I’m sitting on my sofa, on the eve of Mother’s Day, in a silent house. My husband took my kids on a walk and left me at home for some quiet time and to prep to serve as a moderator for our Church’s online services.
And while a bit of silence is sweet, it can be strangely deafening. Do you know what I mean? We don’t often let things get quiet these days. So when the quiet takes over, it seems like all of the things we’ve been pushing down, all those voices, all the to-dos, all the what-ifs, they all come bubbling to the top, each trying to scream over top of the other, vying for attention.
This Mother’s Day is a new one for me. One that I didn’t anticipate until I was much older. It’s the first in my life where I can’t take flowers to my own Mom. Deafening silence. Bizarre. Not-ok. Too weird to reconcile.
Yesterday, the grief deep inside me must have known it was coming because I just could not shake a heaviness off of me. It’s amazing how our bodies preemptively process things that our minds aren’t ready to comprehend.
It’s been almost seven months until I sat beside my Mom’s bed, held her hand, and walked her Home. To heaven, the place she was ultimately made for. And though it’s been seven months, it feels like yesterday and an eternity ago all at once. Time is funny like that. It just keeps flying, but our mind can recall moments from 20 years ago as though they were just yesterday.
And today, my body and mind still know what it began to warn me of yesterday: grief is still just as real and the hole your Mom left can’t and won’t be filled. Nor should it.
My Mom was an incredible woman. Certainly not without her faults, but for those who knew her you, I’m sure, would echo, she had so many gifts. She was a woman of intense determination; she would stay up til all hours of the night to complete one hair-brained project that she conceived at 10:30 pm. Because as she would say, “nothing would happen if it weren’t for the last minute.”
She was immensely creative; her ability to draw something, come up with a beautiful scheme for an event, write a skit or a full-on Christmas play, make a meal out of whatever was leftover in the fridge or pantry, all left people to wonder if there was anything she wasn’t good at.
She saw people. I mean, truly saw people. I think because of her background, a very rough home life, a tumultuous first marriage, and a second marriage that took a while for her to finally let down her guard, she was able to understand so many different people right where they were. She was able to sit right next to them, listen, understand the depths of their hurt, and then, with confidence, assure them that God is good and He would sustain them through it. She wasn’t afraid to tell anyone what God had brought her through. And she was determined to get you to believe that He could do the same for you.
She was absolutely hysterical. I think growing up with eight siblings, five of whom were boys, kind of forces you to be silly. She knew the benefit of a good laugh. After her brother’s funeral, when everyone was back at home, she and her sisters donned my grandmother’s black slips and did a dance to “Cabaret.” Strange, yes, but fond memories for everyone who was there. She and my aunts came up with shows for other family events, like the “New Zoo Review,” where they celebrated my Grandparents through “roasting.”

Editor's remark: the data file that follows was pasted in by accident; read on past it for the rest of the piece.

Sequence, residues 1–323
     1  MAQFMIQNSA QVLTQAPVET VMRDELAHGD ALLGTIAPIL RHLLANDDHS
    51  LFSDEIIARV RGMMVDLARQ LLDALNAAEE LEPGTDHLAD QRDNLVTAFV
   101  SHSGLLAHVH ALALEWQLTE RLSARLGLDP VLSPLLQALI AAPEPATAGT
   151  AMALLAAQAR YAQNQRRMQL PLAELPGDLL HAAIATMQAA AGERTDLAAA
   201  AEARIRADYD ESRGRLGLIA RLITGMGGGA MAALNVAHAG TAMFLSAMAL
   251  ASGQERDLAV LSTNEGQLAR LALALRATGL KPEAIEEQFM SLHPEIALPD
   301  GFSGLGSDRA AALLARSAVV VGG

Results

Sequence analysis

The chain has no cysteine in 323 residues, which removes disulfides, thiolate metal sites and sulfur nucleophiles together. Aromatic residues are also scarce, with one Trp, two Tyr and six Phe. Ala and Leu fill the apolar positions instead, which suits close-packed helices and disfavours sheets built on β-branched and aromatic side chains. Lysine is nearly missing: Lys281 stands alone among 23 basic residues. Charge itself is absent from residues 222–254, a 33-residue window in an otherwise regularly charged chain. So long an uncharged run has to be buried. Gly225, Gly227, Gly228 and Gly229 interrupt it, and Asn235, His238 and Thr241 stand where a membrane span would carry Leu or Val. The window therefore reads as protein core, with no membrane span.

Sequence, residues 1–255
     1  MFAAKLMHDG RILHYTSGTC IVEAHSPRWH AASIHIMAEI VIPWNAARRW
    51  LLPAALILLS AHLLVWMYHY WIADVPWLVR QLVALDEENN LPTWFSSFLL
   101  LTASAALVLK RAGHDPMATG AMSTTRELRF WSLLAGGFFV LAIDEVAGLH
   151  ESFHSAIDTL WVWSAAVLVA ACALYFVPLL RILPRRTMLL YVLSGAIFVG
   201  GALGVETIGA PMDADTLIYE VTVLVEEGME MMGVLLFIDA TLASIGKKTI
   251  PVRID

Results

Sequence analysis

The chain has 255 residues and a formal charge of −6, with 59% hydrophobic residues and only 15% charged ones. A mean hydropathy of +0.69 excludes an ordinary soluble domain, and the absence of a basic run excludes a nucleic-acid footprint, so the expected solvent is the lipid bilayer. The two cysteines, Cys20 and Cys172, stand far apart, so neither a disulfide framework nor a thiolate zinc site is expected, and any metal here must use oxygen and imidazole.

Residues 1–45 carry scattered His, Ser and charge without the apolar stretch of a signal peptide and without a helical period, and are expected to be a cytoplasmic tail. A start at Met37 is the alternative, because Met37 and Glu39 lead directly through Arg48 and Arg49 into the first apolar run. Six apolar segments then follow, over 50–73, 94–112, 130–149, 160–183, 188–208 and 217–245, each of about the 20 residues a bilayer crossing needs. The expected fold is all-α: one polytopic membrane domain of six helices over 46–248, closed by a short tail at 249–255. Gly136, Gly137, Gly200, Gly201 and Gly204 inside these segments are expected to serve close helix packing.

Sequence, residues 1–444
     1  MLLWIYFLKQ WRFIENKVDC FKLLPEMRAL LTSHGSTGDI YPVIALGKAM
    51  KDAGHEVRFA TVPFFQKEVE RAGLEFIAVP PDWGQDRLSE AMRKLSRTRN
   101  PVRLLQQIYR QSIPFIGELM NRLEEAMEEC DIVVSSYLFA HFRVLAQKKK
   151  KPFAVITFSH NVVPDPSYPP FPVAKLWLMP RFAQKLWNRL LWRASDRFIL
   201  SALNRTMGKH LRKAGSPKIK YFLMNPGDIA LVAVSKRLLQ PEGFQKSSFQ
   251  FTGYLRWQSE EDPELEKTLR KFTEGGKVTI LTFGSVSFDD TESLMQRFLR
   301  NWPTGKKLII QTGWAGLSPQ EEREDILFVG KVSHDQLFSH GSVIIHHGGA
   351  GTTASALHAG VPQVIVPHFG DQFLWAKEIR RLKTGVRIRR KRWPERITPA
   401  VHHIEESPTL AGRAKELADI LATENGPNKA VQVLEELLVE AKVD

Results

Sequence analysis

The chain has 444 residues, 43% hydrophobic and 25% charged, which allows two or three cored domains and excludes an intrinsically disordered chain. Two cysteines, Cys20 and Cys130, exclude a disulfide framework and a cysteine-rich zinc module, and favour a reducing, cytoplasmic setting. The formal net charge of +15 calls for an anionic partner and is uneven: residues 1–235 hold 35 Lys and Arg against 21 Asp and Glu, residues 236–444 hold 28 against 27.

She was quick-witted. She could hold her own in any verbal sparring match. She also loved to learn and would take copious notes during church; always very studious. When our church offered Bible classes through a local university for no-credit, just fun, she sat confidently under their teaching, soaking up all she could. In her 40s she went back to college, not having completed even HS, finished her GED, maintained honor roll, and got her Associates Degree. She planned on continuing all the way to her Bachelors, but Alzheimers got in the way.
I need to do this more often. I need to remember her in her good days. I need to celebrate the woman she was. And recognize how much I’m like her. These last 5 years were so hard. She was almost nothing like the woman I knew growing up. You see, Alzheimers ravaged her brain, body, and personality. She became scared, cynical, angry. And while those things were part of her all her life (probably much more than she cared to admit), she was able to use her self-control and not let them be WHO she was. Alzheimers took that self-control away.
But, I’m losing focus. This Mother’s Day, it’s hard. It’s different. It’s a new kind of sacred. It has to be. Because I am a mom too. I have three kids and another growing inside me. I can’t let grief swallow me whole. I don’t want to let it. I want to rejoice in who my Mom was, in who she made me to be, and then walk confidently, just as she did, in my mom-hood, trusting that God is just as in control of my circumstances as He was of her’s.
So, in an ode to her, that’s what I’m going to try and do with tomorrow. Let grief bubble up as it might, be real with my emotions, let them be a part of our day. But then I want to be fully present with my kids. I want to be able to look them in the eye and rejoice in them just as I know my Mom did for me.
Because as much as we want Mother’s Day to be about us, it really is about our kids. It’s about passing on to the next generation all that we’ve learned and enjoy. It’s about sitting with our families, with our loved ones, with our adopted family members, and rejoicing in the miracle of Motherhood. That we get to open our wombs, our hearts, our lives to another generation beyond us. We get the beauty, the sacred task, of shaping the future.
So, here’s to all the moms, whether they’ve given birth physically, emotionally, or spiritually. If you’ve spoken life into anyone else, encouraged a friend, mentored a young lady, helped guide a co-worker, you’ve stepped into the role of mother, and we are ALL the better for it.